First Look: Amalia Ulman—Excellences & Perfections


Amalia Ulman's social media performance Excellences & Perfections is presented as part of First Look, the ongoing series of digital projects co-curated and copresented by Rhizome and the New Museum. For this presentation, Rhizome's new social media archiving tool was used to capture the Instagram portion of the performance. View that capture here.

Amalia Ulman, Excellences & Perfections, 2014 (detail). Performance: Instagram. Courtesy the artist.

On April 19, 2014, Amalia Ulman uploaded an image to her Instagram account of the words "Part I" in black serifed lettering on a white background. The caption read, cryptically, "Excellences & Perfections." It received twenty-eight likes.

For the next several months, she conducted a scripted online performance via her Instagram and Facebook profiles. As part of this project, titled Excellences & Perfections, Ulman underwent an extreme, semi-fictionalized makeover. 

She pretended to have a breast augmentation, posting images of herself in a hospital gown and with a bandaged chest, using a padded bra and Photoshop to manipulate her image. Other elements of the makeover were not feigned; she followed the Zao Dha Diet strictly, for example, and went to pole-dancing lessons often.


First Look: David Kravitz & Frances Stark


Opening the Kimono by David Kravitz and Frances Stark is now on view as part of First Look, the New Museum's ongoing series of digital projects, which will now be co-curated and co-presented by Rhizome. Click here to view work.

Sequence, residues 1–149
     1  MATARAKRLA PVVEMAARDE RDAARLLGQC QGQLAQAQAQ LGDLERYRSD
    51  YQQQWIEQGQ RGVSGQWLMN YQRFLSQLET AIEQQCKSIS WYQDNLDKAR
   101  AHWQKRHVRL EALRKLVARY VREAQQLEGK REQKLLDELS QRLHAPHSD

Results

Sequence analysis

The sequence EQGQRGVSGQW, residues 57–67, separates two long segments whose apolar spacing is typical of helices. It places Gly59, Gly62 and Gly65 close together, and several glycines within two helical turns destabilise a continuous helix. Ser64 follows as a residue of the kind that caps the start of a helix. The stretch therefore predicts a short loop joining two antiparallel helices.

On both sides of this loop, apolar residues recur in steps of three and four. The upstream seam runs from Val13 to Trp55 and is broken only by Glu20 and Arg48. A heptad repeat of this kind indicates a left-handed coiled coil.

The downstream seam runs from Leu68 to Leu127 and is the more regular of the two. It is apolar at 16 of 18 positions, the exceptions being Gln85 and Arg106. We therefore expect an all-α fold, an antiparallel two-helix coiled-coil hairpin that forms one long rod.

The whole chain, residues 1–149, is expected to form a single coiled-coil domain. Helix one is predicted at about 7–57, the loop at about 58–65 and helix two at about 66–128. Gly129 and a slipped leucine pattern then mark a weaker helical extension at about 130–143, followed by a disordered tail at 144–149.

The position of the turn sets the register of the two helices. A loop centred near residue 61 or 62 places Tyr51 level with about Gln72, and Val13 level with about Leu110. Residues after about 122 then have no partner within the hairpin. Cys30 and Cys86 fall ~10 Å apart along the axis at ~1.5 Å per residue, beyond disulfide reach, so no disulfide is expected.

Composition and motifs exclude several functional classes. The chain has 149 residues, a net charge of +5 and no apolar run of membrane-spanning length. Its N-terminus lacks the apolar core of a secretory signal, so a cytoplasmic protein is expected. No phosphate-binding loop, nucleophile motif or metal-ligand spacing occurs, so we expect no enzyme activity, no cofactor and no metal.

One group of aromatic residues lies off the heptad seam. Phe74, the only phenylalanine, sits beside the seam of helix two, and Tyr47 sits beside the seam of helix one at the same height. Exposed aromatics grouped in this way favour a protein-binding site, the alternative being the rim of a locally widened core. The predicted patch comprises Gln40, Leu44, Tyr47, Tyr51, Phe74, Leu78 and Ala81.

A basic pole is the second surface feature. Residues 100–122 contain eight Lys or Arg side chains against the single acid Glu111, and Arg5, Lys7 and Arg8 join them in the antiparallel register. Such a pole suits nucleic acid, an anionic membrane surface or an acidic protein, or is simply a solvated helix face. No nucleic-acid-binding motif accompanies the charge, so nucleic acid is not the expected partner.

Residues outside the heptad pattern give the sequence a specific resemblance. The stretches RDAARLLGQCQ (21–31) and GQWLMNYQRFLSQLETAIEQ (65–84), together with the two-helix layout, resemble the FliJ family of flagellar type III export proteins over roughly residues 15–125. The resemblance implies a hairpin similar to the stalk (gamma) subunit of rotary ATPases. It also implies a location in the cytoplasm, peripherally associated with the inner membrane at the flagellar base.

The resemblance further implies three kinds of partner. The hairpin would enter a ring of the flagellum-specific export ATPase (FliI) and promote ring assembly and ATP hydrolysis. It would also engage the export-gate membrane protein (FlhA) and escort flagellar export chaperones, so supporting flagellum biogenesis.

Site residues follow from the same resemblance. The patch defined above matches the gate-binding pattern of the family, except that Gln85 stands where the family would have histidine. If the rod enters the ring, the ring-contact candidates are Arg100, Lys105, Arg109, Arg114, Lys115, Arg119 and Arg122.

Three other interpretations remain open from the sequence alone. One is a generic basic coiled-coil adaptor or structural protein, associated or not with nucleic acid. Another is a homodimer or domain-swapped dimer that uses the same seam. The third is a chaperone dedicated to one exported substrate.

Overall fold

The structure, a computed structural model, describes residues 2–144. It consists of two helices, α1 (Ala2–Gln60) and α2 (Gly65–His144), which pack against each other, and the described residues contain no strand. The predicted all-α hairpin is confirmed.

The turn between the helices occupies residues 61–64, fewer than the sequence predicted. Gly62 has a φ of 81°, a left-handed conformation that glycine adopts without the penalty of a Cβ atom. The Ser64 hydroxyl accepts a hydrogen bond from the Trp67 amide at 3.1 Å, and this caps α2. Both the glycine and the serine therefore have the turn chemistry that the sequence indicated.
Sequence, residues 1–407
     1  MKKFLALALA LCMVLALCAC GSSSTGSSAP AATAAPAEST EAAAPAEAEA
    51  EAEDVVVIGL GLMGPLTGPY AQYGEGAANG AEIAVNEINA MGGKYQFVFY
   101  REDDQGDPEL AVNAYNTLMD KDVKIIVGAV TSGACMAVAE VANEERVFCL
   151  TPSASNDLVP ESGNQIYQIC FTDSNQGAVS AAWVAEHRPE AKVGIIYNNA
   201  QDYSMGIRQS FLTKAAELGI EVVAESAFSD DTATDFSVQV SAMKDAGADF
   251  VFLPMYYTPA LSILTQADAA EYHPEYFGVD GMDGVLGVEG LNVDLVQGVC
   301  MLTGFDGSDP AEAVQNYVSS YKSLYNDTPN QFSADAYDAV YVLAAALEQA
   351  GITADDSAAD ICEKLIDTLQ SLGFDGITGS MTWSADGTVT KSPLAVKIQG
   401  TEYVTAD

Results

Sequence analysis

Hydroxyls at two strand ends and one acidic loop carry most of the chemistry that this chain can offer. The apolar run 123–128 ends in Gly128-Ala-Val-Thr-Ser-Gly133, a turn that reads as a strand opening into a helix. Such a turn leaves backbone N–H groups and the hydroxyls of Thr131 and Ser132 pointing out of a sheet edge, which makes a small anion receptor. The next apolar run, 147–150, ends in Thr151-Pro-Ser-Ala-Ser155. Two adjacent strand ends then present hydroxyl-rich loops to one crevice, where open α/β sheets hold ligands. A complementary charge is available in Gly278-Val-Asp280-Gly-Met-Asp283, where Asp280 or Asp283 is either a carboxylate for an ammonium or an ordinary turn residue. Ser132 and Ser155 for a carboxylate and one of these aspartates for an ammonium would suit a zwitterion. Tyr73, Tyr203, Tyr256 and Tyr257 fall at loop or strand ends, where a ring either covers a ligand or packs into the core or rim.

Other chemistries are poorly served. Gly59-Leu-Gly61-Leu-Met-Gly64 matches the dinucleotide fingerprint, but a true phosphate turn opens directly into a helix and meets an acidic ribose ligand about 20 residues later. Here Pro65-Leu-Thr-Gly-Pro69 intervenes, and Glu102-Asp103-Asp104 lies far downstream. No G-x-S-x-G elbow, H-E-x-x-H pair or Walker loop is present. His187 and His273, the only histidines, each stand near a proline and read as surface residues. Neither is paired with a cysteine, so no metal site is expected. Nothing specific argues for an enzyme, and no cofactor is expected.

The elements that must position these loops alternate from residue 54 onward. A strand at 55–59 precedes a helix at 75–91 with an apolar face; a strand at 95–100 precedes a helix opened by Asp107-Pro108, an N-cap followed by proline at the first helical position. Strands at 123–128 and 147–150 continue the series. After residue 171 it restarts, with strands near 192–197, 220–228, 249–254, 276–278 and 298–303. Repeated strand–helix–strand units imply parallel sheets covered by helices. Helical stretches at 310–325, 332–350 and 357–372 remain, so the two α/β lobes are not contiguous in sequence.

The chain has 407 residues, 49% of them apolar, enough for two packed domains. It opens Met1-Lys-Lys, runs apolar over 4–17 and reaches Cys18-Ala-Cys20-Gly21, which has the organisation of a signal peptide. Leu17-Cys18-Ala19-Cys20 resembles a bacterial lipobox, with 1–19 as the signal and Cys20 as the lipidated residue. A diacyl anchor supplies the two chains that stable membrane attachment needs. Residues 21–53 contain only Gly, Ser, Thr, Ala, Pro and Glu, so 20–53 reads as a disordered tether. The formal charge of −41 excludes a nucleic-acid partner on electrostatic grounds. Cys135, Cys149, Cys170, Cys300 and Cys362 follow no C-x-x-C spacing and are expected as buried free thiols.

David Kravitz and Frances Stark, Opening the Kimono (2014). iMessage conversation.

In a recorded iMessage chat, David Kravitz and Frances Stark satirize Silicon Valley culture and sext about creative labor.

When artist Frances Stark and Snapchat developer David Kravitz discussed the idea of having sex on stage during a public presentation at the New Museum last spring, it wasn't entirely surprising. 

This proposal came as part of Rhizome's Seven on Seven Conference, which pairs artists and technologists for a one-day collaboration with the prompt to "make something" and then present it to the public the following day. During their presentation, neither of their bodies was on view on stage (Kravitz came up alone for the Q&A). Instead, they appeared onscreen via a live iMessage conversation.



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DISCUSSION

Feed my Feed: Radical publishing in Facebook Groups


Not really - but I'm using the term public utility in the usual sense of a body that provides something like water or gas to the public, but may be privately or publicly owned. (A NYC example: Con Ed).

If we're talking about publicly owned utilities, then yes, that is something different. I am really interested in the idea of software as publicly owned utility--this is something that was discussed at our recent event with Airbnb Pavilion.

It would be great to see more sharing "economy platforms" run as public utilities, since those often have a very direct economic impact on a city. My sense is that Facebook would be kind of a poor use case for public ownership - but it is interesting to think of as a public utility in the sense of a private company that provides public infrastructure & service and therefore has some level of public accountability.